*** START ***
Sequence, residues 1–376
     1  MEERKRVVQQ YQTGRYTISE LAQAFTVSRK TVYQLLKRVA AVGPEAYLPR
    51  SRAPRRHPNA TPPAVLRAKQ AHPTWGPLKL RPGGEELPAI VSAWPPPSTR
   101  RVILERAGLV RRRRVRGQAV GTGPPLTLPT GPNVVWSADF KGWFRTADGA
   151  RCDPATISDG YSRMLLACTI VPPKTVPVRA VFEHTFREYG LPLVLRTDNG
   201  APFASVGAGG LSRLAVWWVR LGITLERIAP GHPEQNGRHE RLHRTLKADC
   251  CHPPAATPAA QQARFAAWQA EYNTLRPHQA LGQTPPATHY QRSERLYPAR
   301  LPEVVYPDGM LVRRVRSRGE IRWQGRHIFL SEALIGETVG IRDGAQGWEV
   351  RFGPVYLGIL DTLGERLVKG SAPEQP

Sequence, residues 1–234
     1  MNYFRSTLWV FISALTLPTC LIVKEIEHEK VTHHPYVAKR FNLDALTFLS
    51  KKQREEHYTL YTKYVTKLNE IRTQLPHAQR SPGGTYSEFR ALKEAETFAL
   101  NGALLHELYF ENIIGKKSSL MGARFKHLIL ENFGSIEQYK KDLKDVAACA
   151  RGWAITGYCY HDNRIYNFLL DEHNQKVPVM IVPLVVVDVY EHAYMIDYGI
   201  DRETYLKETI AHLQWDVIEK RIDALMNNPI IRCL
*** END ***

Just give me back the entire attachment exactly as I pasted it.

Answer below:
Sequence, residues 1–376
     1  MEERKRVVQQ YQTGRYTISE LAQAFTVSRK TVYQLLKRVA AVGPEAYLPR
    51  SRAPRRHPNA TPPAVLRAKQ AHPTWGPLKL RPGGEELPAI VSAWPPPSTR
   101  RVILERAGLV RRRRVRGQAV GTGPPLTLPT GPNVVWSADF KGWFRTADGA
   151  RCDPATISDG YSRMLLACTI VPPKTVPVRA VFEHTFREYG LPLVLRTDNG
   201  APFASVGAGG LSRLAVWWVR LGITLERIAP GHPEQNGRHE RLHRTLKADC
   251  CHPPAATPAA QQARFAAWQA EYNTLRPHQA LGQTPPATHY QRSERLYPAR
   301  LPEVVYPDGM LVRRVRSRGE IRWQGRHIFL SEALIGETVG IRDGAQGWEV
   351  RFGPVYLGIL DTLGERLVKG SAPEQP

Sequence, residues 1–234
     1  MNYFRSTLWV FISALTLPTC LIVKEIEHEK VTHHPYVAKR FNLDALTFLS
    51  KKQREEHYTL YTKYVTKLNE IRTQLPHAQR SPGGTYSEFR ALKEAETFAL
   101  NGALLHELYF ENIIGKKSSL MGARFKHLIL ENFGSIEQYK KDLKDVAACA
   151  RGWAITGYCY HDNRIYNFLL DEHNQKVPVM IVPLVVVDVY EHAYMIDYGI
   201  DRETYLKETI AHLQWDVIEK RIDALMNNPI IRCL